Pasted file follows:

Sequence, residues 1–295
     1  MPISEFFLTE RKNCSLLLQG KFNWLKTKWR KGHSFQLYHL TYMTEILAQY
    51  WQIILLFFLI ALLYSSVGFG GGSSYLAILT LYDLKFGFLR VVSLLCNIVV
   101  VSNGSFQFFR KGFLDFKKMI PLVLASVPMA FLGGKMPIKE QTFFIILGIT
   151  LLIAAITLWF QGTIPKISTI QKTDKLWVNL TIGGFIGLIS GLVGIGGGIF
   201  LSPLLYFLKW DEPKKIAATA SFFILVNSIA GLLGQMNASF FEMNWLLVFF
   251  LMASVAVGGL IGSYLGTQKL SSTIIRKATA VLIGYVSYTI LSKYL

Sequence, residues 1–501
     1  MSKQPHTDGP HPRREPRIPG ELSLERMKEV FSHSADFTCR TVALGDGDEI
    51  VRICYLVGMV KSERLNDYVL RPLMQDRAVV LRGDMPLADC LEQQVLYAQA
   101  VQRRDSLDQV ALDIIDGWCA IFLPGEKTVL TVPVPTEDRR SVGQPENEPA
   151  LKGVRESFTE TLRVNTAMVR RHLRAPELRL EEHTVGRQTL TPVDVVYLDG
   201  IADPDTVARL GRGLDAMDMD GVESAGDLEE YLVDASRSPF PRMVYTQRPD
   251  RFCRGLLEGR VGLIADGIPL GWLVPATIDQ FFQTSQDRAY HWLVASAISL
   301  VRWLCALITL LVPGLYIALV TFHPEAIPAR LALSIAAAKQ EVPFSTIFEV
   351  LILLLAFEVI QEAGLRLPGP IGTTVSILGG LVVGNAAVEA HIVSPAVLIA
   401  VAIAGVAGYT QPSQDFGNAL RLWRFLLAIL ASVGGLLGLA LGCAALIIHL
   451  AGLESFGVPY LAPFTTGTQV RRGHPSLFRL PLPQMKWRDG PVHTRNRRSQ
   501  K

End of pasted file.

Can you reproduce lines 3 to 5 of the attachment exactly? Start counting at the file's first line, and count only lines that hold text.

    51  WQIILLFFLI ALLYSSVGFG GGSSYLAILT LYDLKFGFLR VVSLLCNIVV
   101  VSNGSFQFFR KGFLDFKKMI PLVLASVPMA FLGGKMPIKE QTFFIILGIT
   151  LLIAAITLWF QGTIPKISTI QKTDKLWVNL TIGGFIGLIS GLVGIGGGIF